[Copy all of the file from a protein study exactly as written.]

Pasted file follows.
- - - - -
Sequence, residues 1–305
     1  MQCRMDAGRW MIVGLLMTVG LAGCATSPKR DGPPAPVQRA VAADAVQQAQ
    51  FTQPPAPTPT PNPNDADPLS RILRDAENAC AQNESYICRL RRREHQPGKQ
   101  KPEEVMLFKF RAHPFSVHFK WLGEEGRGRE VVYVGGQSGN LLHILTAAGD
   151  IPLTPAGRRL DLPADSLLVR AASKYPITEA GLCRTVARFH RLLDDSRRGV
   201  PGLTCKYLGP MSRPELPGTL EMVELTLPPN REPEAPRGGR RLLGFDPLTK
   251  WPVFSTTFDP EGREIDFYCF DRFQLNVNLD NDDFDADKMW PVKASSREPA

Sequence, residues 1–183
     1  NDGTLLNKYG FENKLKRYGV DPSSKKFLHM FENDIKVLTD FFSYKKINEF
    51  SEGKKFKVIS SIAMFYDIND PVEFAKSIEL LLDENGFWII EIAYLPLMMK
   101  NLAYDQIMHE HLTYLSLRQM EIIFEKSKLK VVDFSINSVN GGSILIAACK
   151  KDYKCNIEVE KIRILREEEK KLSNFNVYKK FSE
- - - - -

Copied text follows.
Sequence, residues 1–305
     1  MQCRMDAGRW MIVGLLMTVG LAGCATSPKR DGPPAPVQRA VAADAVQQAQ
    51  FTQPPAPTPT PNPNDADPLS RILRDAENAC AQNESYICRL RRREHQPGKQ
   101  KPEEVMLFKF RAHPFSVHFK WLGEEGRGRE VVYVGGQSGN LLHILTAAGD
   151  IPLTPAGRRL DLPADSLLVR AASKYPITEA GLCRTVARFH RLLDDSRRGV
   201  PGLTCKYLGP MSRPELPGTL EMVELTLPPN REPEAPRGGR RLLGFDPLTK
   251  WPVFSTTFDP EGREIDFYCF DRFQLNVNLD NDDFDADKMW PVKASSREPA

Sequence, residues 1–183
     1  NDGTLLNKYG FENKLKRYGV DPSSKKFLHM FENDIKVLTD FFSYKKINEF
    51  SEGKKFKVIS SIAMFYDIND PVEFAKSIEL LLDENGFWII EIAYLPLMMK
   101  NLAYDQIMHE HLTYLSLRQM EIIFEKSKLK VVDFSINSVN GGSILIAACK
   151  KDYKCNIEVE KIRILREEEK KLSNFNVYKK FSE